Questions About Premera IT Department Pre-Date Privacy Breach
Even before the private information of more than 11 million Premera Blue Cross customers was compromised by hacked servers, the health insurers’ information technology [IT] department was in turmoil.
PCVA has learned that in June, 2011, Primera had to pay a class action settlement of $1.45 million dollars after a group of its current and former IT employees sued over the company’s illegal practice of failing to pay overtime and other benefits in violation of the federal Fair Labor Standards Act, or FLSA.
Premera, and its subsidiaries LifeWise Health Plan of Oregon and LifeWise Assurances Co., employs hundreds of technical support workers nationwide.
Premera’s past practices within its IT department will be one of the focuses of the lawsuit filed by PCVA in the wake of the personal data breach of its insurance customers.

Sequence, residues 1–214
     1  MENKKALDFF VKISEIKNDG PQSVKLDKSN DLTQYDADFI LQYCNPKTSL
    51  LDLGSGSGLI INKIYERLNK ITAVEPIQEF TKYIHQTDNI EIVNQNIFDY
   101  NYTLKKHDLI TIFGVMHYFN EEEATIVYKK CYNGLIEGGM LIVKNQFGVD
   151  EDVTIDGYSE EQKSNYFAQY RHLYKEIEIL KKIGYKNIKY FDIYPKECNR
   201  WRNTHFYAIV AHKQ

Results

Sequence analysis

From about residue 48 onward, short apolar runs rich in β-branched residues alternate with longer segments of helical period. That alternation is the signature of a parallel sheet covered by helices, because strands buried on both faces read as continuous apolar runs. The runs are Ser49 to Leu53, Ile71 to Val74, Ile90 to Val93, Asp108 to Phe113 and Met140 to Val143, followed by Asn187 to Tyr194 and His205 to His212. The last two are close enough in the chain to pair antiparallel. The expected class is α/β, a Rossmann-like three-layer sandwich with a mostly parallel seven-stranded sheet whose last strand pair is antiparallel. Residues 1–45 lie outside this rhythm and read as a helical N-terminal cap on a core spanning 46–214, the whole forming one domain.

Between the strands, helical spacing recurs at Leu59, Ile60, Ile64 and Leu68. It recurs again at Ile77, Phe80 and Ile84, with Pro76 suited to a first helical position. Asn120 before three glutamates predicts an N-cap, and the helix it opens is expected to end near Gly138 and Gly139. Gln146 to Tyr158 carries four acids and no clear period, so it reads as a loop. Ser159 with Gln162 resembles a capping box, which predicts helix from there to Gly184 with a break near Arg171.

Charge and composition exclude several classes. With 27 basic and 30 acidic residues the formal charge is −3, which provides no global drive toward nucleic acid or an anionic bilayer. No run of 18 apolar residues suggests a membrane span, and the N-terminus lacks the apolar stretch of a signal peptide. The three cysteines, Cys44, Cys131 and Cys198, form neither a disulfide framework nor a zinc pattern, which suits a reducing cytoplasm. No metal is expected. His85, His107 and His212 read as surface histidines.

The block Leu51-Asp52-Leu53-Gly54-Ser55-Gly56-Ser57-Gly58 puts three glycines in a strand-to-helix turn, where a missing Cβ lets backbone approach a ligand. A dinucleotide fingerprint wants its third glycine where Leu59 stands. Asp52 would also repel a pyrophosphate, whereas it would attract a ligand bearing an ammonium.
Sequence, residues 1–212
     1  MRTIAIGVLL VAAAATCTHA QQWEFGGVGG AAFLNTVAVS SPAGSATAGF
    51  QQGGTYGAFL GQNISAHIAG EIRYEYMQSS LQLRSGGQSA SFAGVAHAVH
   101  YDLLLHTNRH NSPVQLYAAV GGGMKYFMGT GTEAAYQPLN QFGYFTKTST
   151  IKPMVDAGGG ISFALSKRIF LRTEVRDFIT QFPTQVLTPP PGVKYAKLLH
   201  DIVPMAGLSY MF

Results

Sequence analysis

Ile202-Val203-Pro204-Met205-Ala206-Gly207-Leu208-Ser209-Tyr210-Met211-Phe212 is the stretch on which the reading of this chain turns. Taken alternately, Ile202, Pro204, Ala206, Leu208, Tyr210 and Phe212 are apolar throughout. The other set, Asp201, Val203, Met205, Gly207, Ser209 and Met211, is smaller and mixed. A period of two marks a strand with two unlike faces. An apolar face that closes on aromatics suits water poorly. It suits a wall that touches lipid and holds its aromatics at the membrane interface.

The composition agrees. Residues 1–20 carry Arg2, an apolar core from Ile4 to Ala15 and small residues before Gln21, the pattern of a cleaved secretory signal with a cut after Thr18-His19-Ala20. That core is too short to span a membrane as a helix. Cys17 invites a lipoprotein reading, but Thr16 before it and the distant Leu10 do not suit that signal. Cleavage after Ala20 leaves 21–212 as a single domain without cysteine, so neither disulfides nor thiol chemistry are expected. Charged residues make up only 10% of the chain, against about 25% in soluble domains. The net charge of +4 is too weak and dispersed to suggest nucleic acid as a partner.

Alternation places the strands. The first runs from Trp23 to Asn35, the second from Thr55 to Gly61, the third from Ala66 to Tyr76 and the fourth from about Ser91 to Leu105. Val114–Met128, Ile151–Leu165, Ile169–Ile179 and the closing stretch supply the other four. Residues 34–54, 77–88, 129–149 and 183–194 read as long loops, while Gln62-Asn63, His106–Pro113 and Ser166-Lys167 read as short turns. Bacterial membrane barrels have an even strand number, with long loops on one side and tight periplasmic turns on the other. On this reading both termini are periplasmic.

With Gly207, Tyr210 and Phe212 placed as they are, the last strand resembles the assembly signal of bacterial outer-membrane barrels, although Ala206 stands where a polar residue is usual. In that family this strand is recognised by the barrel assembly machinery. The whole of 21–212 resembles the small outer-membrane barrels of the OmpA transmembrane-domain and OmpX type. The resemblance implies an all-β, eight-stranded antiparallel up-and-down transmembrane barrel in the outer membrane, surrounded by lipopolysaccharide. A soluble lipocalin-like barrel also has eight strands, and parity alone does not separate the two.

Premera officials were silent for over a month-and-a-half as it customers’ personal identifiers – including names, credit card information, bank account numbers and social security numbers – were exposed to hackers.
There are state and federal laws that require businesses to notify customers immediately after an online data breach like the one Primera discovered in January.
The Mountlake Terrace-based health insurer apparently ignored state and federal auditors’ recommendations that it update its software and internet security after finding that it was particularly vulnerable to cyberattacks and malware breaches.
The confidential information breach lawsuit filed Primera was filed on March 23, 2015, in U.S. District Court in Seattle, by PCVA attorney Darrell Cochran, (Hoirup et al v. Premera Blue Cross; 2:15-cv-00445-MJP).
PCVA is a Pacific Northwest trial law firm with offices in Seattle and Tacoma. If you are interested in finding out more about the lawsuit or PCVA, please visit premeralawsuit.com.